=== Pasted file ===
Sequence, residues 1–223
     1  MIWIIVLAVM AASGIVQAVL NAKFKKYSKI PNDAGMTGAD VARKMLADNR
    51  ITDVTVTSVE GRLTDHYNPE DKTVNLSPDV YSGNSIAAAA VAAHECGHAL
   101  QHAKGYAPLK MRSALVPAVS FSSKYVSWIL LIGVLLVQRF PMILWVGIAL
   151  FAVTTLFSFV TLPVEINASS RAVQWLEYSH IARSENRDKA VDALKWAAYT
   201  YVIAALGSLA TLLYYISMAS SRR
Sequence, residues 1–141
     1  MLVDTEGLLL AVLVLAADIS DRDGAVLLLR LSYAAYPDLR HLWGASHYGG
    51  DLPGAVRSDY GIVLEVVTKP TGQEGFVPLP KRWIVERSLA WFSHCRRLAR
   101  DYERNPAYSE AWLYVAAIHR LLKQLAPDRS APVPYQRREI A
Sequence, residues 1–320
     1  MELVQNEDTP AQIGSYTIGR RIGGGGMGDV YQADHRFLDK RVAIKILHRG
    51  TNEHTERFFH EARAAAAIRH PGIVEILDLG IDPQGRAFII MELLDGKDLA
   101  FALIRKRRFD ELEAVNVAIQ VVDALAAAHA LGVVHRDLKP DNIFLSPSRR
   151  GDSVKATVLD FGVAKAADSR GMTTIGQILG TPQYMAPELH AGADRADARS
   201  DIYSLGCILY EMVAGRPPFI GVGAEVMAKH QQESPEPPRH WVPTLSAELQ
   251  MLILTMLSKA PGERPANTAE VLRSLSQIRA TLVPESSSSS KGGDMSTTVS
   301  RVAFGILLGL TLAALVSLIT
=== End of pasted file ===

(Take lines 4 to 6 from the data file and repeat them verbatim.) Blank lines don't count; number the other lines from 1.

   101  QHAKGYAPLK MRSALVPAVS FSSKYVSWIL LIGVLLVQRF PMILWVGIAL
   151  FAVTTLFSFV TLPVEINASS RAVQWLEYSH IARSENRDKA VDALKWAAYT
   201  YVIAALGSLA TLLYYISMAS SRR